“My connection is really with Senator Clinton, and not the president,” Mr. Cunningham said. “These applications really cried out on the merits that these are the folks who should be pardoned, and the fact that their request was assembled by me really operates independently.”

Mr. Ickes told reporters he also did not speak to the Clintons and denied that Mr. Cunningham had consulted Mrs. Clinton “in any way, shape or form.”

Mrs. Clinton asked reporters to “please make a distinction” between the solicitations made by her brother and the work done by Mr. Cunningham. She said that while Mr. Cunningham is a talented attorney, “my brother, as a family member, should not have been involved in this.”

Democrats have become increasingly weary of the former president and the endless list of scandals that have followed him. Mrs. Clinton said the frustration of Democrats was “understandable.”

“I have no idea what’s coming next,” Mrs. Clinton said, with half a laugh.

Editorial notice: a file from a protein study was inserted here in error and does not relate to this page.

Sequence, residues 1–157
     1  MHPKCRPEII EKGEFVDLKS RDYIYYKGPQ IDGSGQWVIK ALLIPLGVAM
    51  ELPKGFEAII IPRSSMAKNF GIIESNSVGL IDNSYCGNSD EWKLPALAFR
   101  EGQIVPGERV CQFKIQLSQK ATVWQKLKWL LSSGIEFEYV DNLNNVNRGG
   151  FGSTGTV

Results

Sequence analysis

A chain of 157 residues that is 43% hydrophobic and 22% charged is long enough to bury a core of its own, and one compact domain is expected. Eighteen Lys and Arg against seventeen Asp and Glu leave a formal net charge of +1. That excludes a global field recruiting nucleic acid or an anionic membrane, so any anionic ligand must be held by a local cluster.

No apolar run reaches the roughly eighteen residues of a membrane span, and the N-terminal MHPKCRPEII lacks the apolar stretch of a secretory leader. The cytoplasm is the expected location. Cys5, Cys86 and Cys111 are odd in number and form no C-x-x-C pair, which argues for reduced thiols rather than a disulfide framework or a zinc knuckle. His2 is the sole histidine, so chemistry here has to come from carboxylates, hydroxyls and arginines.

On Wednesday, Mr. Rodham returned the $400,000, although his attorney denied any impropriety. The Clintons had said they were “deeply dismayed” he was involved in the process.

Mr. Vignali, of Los Angeles, was released Jan. 20 from prison after serving six years for his role in a crack-cocaine distribution ring that operated from California to Minnesota. His arrest in Minneapolis followed a two-year investigation and led to his conviction on narcotics charges for his role in a drug ring that sold more than 800 pounds of cocaine.

The Vignali commutation request was reviewed by the Justice Department, which recommended against it. Prosecutors in Minneapolis wrote to the department to oppose his commutation, saying that while he was a first-time offender, he played a key role in a drug conspiracy that collected millions of dollars in illicit profits.

Mr. Braswell, a Marina del Ray, Calif., businessman, was convicted in 1983 for false claims he made about the effectiveness of a treatment for baldness. A judge sentenced him to three years in prison. After the pardon, federal prosecutors confirmed he was the focus of a “massive tax evasion and money-laundering” probe.

The Braswell request went directly to the White House, bypassing the pardon attorney’s office at the Justice Department.

Mr. Clinton granted 140 pardons and 36 commutations just before he left office. Former President Jimmy Carter Tuesday night described the Rich pardon as “disgraceful,” given Mrs. Rich’s donations to the library and the Democratic Party.